There are many ways over the centuries that within our theological tradition we have elaborated on that inexhaustible biblical affirmation that we are created  "according to the image and likeness of God."  The Church Fathers will speak of the human person as a psychosomatic union of soul and body. Or, following the Apostle Paul of a union of spirit, soul and body. (I THESS. 5:23)  Because of some of the Greek philosophical connotations - primarily dualism - of using the terminology of soul and body, there has been a concerted movement within theological circles today to use the more biblically-based terms of "spirit and flesh" to describe the mystery of human personhood.  Whatever the exact terminology employed to describe the fullness of human existence, the essential point being made is that the human person is more - much more - than "what meets the eye."  We are even greater than the angels according to some of the Fathers, because we unite in our person the "spiritual" and  the "material" as the pinnacle of God's creative acts. We have our biological limitations, but we can still know the living God!  Even though we are so frail in our humanity, the psalmist can still exclaim in wonder:  "Yet you have made him little less than the angels, and you have crowned him with glory and honor" (PS. 8:5).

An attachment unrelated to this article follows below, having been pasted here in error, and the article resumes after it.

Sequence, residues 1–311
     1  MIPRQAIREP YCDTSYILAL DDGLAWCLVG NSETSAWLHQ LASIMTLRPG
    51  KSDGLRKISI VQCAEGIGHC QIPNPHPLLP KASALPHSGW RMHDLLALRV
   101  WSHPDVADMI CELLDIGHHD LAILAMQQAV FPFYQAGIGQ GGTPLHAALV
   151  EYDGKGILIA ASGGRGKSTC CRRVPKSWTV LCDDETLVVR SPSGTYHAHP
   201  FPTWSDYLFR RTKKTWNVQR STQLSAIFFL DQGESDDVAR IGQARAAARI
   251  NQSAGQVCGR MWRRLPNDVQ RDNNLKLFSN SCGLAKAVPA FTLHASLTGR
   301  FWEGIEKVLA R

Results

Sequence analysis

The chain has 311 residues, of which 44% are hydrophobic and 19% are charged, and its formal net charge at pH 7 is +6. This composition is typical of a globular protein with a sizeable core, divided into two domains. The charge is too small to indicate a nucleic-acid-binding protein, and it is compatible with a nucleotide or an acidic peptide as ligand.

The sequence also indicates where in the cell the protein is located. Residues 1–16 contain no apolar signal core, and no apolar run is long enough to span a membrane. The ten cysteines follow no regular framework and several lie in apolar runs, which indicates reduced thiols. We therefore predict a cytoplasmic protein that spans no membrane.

In describing the mystery of death as it pertains to all creatures, including human beings, the psalmist says (and we hear this at every Vespers service):  "When you take away their spirit, they die and return to their dust" (Ps. 104:29).  This is what happened to the young man from Nain regardless of whatever may have been the immediate cause of his death.  Something had happened that could not be fully described as merely brain death. His "spirit" had been taken away and his flesh was destined to return to the dust.  Another expression that became almost classical as a theological description of death - and which essentially means the same thing - is that of the "separation of soul and body."  Either way, the wholeness and integrity of the human person is lost in death.  This is what renders death a tragedy and why the Apostle Paul can refer to death as "the last enemy."